2) Added to this is the fear of making the complaint, given the evident power relations between thesis student and tutor, and to whom it was directed, since it is a professor with great international recognition, spokesperson for the epistemology of the south and of academic left, with great projection, especially in Latin America. The complainants point out both the indifference and even the complicity of academic institutions, which tend to define well-known figures in the academic world – this extends to other fields of culture, politics, etc. – as “untouchables”, thereby directly or They indirectly endorse the impunity of the situation.

3) The complainants and numerous statements of solidarity that they had highlight the “lack of protocols” and the little attention that academic centers pay to avoid this type of situations that for a long time have been considered “normal”, within the framework of a patriarchal academic model, still dominant today. To this he adds that the absence of protocols favors such abuses of power towards researchers who depend on the approval of these people to build an academic career.

4) Certainly, it is within the framework of the advancement of feminist struggles that this situation, in relation to Boaventura, comes to light, in a context of denaturalization of aberrant behavior from an ethical and academic point of view. Added to this is that the complaints against Sousa Santos do not refer to events that occurred many decades ago, but rather to nearby dates; between 2011 and 2019 (in the case of the first three complainants), from 2014 (in the case of the Brazilian researcher), 2010, in the case of the Mapuche reference.

We know that it is not easy, that it is very painful. This is an intellectual that we all know and recognize, who has been very important for our training, our intellectual and political positions. We are not proposing to throw his categories of thought into the void, but to emphasize the lack of moral and ethical integrity, as a human being and as an academic of Boaventura.

The International Tribunal for the Rights of Nature (IRNT) requested and appointed Boaventura de Sousa Santos as President of the Local Tribunal for Yasuní in April 2014 due to the threat of oil exploitation in this biodiverse National Park, home of indigenous peoples and peoples in isolation. The selection of the Tribunal’s judges is based on their ethical and moral track record. Evidently, Boaventura de Sousa Santos’ participation at that time in the Tribunal was promoted given his outstanding career as a sociologist, writer, professor, lecturer, philosopher and lawyer.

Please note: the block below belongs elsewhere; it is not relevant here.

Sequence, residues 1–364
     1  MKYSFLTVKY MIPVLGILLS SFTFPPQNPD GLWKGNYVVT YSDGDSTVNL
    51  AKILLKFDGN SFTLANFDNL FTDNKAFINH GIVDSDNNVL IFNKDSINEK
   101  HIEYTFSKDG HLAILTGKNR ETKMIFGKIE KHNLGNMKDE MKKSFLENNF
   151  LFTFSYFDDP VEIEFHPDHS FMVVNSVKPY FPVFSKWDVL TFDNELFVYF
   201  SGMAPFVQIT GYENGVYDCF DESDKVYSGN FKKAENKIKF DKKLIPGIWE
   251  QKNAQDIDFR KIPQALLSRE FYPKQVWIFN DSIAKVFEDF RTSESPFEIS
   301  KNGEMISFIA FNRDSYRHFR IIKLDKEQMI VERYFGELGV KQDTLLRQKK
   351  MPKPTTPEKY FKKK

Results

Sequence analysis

We would like to highlight that the Tribunal held an Assembly of Judges in order to reach a consensus and adopt a common position regarding the numerous existing complaints against Boaventura de Sousa Santos. The presentation of the case, as a reporting member of the Tribunal, was carried out by Maristella Svampa.

Based on what has been said and on the code of Ethics of the Tribunal and the Global Alliance for the Rights of Nature on the issue of harassment and power relations, especially considering that this is an ethical Tribunal, and in the face of these serious complaints the International Rights of Nature Tribunal has decided to dismiss Boaventura de Sousa Santos as judge of the court and therefore of the Assembly of Judges of the IRNT.

The last response, from March 2024 via press release, where he assures that “the reports do not have direct accusations” 4, reinforces this decision since the sociologist does not take responsibility despite the overwhelming evidence against him.

Signed by:

Natalia Greene
Secretariat of the International Tribunal for the Rights of Nature

Francesco Martone
General Coordinator of the Assembly of Judges
International Tribunal for the Rights of Nature




4 Boaventura de Sousa Santos, “Press Release: Report without direct accusations against Boaventura de Sousa Santos”, March 13, 2024

Download statement in English here.

Descargar declaración en español aquí.